Last Update 22:17
Thursday, 14 November 2019

Bahrain police out in force ahead of protests

Al-Wefaq, the main opposition formation, said that Bahrain's police had blocked roads leading to Shiite-populated villages with barbed wire and concrete blocks

AFP , Wednesday 14 Aug 2013
Bahrain
A police employee walks behind razor wire being installed across a street between a village and main road on the outskirts of Manama, Bahrain, on Tuesday, Aug. 13, 2013 (Photo: AP)
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Bahraini security forces deployed as Shiite-led opposition activists called for a mass rally on Wednesday against the Gulf state's Sunni rulers near the US embassy in defiance of a ban.

The interior ministry said the deployment that began on Tuesday was aimed at "preserving security and order, and to guarantee an easy flow of traffic".

Al-Wefaq, the main opposition formation, said in a statement that police had blocked roads leading to Shiite-populated villages with barbed wire and concrete blocks.

It accused the authorities of turning some areas into a "vast prison for inhabitants".

The protest was organised by the Bahrain Rebellion Movement, Tamarod.

It was set up last month, mimicking Egypt's Tamarod movement, which spearheaded the nationwide protests that triggered the army's overthrow of Islamist president Mohamed Morsi.

The Sunni rulers of Shiite-majority Bahrain have assumed sweeping new powers to crush demonstrations, but the opposition activists insist they will go ahead with their planned protest.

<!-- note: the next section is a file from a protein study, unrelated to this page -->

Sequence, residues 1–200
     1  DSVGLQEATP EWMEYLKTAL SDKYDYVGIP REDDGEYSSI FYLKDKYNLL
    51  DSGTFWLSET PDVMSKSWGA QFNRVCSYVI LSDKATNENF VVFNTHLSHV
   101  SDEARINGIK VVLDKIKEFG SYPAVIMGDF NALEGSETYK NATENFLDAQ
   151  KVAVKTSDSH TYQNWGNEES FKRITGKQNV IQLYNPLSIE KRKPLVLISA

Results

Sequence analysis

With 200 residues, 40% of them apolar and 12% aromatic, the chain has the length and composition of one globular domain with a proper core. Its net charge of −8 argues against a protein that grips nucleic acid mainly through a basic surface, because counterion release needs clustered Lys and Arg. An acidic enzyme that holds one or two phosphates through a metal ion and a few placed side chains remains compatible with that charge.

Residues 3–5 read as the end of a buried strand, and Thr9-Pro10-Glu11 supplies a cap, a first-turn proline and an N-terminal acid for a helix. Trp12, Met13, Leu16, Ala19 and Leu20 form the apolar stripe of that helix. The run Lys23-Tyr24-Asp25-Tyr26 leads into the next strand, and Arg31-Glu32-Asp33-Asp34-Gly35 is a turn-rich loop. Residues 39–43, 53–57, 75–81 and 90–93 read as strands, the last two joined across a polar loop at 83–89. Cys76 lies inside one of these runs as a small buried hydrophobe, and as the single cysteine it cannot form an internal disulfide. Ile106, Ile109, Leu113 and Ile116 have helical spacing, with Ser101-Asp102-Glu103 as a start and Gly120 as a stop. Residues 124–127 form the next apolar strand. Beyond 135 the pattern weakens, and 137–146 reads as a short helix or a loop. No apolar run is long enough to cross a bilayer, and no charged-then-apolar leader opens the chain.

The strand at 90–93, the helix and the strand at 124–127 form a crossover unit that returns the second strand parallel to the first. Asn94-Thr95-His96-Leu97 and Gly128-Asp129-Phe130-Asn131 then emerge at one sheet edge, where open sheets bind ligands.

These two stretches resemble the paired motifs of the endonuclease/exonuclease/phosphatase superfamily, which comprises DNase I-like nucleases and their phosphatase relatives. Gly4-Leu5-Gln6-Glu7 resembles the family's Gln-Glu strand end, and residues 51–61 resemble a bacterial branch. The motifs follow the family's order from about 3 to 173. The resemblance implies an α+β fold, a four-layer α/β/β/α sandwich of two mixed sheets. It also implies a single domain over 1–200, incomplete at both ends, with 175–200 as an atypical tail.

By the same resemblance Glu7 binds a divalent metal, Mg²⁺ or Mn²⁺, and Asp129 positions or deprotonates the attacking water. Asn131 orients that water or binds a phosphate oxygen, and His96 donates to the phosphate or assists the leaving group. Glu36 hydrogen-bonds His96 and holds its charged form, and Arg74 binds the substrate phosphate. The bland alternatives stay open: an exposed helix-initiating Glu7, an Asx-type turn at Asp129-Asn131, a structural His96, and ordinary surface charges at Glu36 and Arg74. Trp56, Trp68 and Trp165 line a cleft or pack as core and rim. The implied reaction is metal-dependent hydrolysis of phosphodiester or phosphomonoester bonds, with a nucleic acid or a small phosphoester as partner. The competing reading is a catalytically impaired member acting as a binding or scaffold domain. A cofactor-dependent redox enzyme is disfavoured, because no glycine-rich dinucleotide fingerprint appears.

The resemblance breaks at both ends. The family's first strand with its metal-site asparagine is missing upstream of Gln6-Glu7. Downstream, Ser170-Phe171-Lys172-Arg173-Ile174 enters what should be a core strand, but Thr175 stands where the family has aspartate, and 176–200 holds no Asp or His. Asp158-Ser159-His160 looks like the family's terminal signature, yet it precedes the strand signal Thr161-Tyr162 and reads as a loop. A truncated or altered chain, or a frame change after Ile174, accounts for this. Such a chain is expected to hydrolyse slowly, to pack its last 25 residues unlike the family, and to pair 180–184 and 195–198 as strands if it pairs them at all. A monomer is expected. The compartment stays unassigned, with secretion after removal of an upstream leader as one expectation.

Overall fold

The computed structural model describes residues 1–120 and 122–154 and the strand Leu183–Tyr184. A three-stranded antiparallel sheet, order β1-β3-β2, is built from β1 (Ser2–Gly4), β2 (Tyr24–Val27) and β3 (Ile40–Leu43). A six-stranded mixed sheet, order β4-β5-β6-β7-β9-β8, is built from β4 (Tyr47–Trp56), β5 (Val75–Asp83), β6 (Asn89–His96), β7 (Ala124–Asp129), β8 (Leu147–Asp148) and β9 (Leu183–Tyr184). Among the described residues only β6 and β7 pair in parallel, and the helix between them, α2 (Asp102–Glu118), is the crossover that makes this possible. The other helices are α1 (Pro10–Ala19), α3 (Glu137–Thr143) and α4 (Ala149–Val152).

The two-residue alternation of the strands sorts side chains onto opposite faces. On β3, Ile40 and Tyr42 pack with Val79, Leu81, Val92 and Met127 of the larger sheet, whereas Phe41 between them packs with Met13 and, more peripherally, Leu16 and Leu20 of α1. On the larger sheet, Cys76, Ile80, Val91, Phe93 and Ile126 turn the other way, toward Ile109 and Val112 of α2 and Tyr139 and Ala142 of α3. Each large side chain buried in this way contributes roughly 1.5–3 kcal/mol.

On August 1, Tamarod posted an open letter asking the US embassy to provide protection for the rally planned to be held at its doorstep, saying it poses "ethical responsibilities" for Washington.

The group said the goal of the demonstration was a "real democracy in Bahrain not less than that found in Western countries such as the USA and the United Kingdom".

At least 80 people have been killed in Bahrain since the Arab Spring-inspired protests erupted in early 2011, according to the International Federation for Human Rights.

In Washington, Marie Harf, deputy spokeswoman at the State Department, said she was "not going to speculate about what might or might not happen" on Wednesday.

"We support the right of individuals to peacefully assemble and of course, the right of freedom of expression, including in Bahrain, and our support for these principles has not changed, including in Bahrain.

At least 80 people have been killed in Bahrain since the Arab Spring-inspired protests erupted in early 2011, according to the International Federation for Human Rights.

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